Knee dislocations occur as the result of high-energy trauma. These devastating knee injuries have been addressed with a myriad of surgical approaches, and treatment has evolved from primary repair to reconstruction of torn ligaments. Early surgery has shown benefit over delayed surgery1. Cast immobilization has given way to early rehabilitation; however, stiffness remains the greatest obstacle to successful knee function. Balancing the risk of stiffness with the need for a stable environment to encourage healing of multiple ligament reconstructions is a challenge and the impetus for this investigation by Stannard et al.
This study is a prospective randomized controlled trial on the use of a hinged external fixator as an augment to a staged reconstruction protocol. Patients either received a hinged external fixator that was placed during the posterior cruciate ligament (PCL), posterolateral corner, or posteromedial corner reconstruction and retained for six weeks until staged anterior cruciate ligament (ACL) reconstruction, or were treated with a hinged knee brace with an early range-of-motion protocol after undergoing identical surgery. The patients were followed for twelve months and evaluated with standard subjective scores as well a surgeon-graded ligament examination. A total of 100 patients with 103 dislocations were enrolled, and seventy-seven patients (seventy-nine knees) had complete follow-up. The investigators found that the experimental group experienced fewer failed ligament reconstructions compared with the control group: 7% with the hinged external fixator versus 21% with the brace. However, the results with regard to return to work, range of motion, and return to activities had nonsignificant trends favoring the control group.
The authors are to be applauded, as knee dislocations have been the subject of few prospective studies, let alone randomized clinical trials. This work is of high quality and adds substantially to the existing literature. The authors conclude that hinged external fixators should be considered for high-grade knee dislocations in which the risk of recurrent instability is so great that it outweighs the potential increase in stiffness and impacts return-to-work considerations. Treatment with an adjunctive external fixator significantly decreased the risk of ligament reconstruction failure—a finding highly relevant to surgeons caring for these complex injuries. This conclusion may be less relevant for a lower-grade injury.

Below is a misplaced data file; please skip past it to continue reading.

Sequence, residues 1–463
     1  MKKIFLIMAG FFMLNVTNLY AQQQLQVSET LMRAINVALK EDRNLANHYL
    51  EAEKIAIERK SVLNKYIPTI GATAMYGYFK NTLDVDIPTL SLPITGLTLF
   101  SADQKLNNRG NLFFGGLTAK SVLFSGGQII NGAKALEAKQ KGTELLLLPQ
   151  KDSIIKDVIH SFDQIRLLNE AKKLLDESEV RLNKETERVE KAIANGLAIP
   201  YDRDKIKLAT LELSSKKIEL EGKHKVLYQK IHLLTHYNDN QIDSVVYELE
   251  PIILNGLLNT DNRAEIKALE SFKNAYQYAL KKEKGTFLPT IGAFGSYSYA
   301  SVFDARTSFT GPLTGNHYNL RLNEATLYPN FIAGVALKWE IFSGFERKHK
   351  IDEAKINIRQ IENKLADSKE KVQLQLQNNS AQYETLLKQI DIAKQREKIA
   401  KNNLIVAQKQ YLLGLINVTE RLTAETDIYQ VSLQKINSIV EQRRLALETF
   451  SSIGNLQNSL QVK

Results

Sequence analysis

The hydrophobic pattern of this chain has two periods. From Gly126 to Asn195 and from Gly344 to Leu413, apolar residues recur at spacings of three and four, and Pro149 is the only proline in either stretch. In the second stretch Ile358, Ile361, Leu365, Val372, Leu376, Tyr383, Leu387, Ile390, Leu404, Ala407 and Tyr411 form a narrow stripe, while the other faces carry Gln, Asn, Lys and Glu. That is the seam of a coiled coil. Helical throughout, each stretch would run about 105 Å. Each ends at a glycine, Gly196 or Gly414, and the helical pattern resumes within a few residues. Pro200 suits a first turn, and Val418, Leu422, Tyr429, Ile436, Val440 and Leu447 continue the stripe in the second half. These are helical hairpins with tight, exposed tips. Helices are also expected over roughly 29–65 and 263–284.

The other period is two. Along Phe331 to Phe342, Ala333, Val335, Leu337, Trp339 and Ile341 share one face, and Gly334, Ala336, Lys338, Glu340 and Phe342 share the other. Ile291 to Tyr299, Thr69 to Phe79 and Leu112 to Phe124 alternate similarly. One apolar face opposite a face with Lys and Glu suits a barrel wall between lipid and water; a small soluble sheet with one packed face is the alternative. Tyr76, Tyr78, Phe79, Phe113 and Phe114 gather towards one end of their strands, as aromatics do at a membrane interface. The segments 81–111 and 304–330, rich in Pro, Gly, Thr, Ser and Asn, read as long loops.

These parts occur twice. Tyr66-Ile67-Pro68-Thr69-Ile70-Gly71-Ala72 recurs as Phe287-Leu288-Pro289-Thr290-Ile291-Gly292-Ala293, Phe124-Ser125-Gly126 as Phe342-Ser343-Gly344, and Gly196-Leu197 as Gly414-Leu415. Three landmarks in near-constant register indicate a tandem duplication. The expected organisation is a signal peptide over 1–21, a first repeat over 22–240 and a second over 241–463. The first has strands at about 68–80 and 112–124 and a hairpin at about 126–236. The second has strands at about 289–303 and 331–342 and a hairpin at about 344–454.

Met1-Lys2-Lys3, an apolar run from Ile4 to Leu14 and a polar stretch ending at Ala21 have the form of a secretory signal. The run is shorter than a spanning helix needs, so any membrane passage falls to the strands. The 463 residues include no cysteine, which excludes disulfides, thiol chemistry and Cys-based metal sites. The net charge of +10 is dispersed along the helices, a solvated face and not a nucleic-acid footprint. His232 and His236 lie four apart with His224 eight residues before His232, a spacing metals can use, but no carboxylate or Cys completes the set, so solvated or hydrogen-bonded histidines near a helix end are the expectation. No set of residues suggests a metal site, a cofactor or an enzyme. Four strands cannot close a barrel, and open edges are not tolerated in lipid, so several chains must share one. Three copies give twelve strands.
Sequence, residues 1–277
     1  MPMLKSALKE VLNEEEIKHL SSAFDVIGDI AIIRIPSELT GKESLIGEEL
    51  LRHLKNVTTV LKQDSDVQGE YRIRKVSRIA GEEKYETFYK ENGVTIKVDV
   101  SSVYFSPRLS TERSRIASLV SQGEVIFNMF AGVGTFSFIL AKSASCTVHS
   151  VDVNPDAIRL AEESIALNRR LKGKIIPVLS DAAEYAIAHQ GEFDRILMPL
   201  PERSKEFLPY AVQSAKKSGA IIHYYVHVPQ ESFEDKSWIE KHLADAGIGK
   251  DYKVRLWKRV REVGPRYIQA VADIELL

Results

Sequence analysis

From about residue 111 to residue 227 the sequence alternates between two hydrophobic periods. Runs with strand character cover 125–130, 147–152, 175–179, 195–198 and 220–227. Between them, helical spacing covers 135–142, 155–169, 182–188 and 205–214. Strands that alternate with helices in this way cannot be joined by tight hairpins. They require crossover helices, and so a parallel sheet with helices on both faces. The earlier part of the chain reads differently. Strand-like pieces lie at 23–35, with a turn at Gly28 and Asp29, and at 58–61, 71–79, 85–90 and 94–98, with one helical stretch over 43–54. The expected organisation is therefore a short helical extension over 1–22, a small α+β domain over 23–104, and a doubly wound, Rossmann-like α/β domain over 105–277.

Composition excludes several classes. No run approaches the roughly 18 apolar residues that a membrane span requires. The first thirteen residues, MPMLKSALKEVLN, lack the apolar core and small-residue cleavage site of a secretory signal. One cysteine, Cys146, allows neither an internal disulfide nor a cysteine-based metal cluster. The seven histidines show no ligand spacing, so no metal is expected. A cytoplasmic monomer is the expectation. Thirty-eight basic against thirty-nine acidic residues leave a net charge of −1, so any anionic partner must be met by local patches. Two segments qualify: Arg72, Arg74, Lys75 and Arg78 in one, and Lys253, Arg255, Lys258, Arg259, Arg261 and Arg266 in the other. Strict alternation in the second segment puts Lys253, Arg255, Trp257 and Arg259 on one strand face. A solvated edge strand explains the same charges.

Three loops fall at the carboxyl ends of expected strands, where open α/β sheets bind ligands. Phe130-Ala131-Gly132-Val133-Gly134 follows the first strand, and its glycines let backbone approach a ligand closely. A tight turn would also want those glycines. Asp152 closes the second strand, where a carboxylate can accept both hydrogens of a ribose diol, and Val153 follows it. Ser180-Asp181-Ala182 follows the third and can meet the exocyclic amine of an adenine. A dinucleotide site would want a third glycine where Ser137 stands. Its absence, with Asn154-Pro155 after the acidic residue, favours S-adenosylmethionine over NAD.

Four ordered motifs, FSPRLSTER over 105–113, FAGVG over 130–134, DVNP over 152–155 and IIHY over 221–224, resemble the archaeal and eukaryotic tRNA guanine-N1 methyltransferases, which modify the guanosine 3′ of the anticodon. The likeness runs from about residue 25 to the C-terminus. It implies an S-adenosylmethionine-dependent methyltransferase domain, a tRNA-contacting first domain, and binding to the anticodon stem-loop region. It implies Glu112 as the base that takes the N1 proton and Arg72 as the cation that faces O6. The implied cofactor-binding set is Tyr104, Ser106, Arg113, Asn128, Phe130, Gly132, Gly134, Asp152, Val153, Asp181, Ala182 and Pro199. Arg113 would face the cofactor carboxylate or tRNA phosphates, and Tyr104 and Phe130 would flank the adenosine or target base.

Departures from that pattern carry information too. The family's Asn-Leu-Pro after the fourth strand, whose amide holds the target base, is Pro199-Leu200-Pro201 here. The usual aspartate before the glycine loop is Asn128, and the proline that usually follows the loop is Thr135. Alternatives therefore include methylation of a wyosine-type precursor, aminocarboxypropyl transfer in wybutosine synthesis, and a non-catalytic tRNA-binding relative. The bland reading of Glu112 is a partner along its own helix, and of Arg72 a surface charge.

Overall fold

One striking finding of this study is that while the experimental cohort achieved the desired outcome of preventing failure of ligament reconstruction, external fixation did nothing to improve subjective outcome scores. The current literature on knee dislocation outcomes is humbling, with subjective outcome scores in the mid to high 80s on a 100-point scale, irrespective of surgical technique used1,2. The outcomes in the current study are consistent, with Lysholm scores for each group of 87 at twelve months, and an increase to 90 among those with twenty-four months of follow-up. These results support the conclusion that patients who sustain these devastating knee injuries rarely achieve full function, but substantial improvement can be seen with early surgical intervention.
The authors highlight the limitations of their study, notably the absence of blinded examiner evaluation, a loss of 23% of the original cohort, and a short follow-up period of twelve months. However, the investigators did an excellent job of achieving acceptable numbers in a challenging trauma population. Overall, this prospective randomized controlled trial is refreshing in a field whose literature consists primarily of retrospective case series, technique reports, and expert opinion.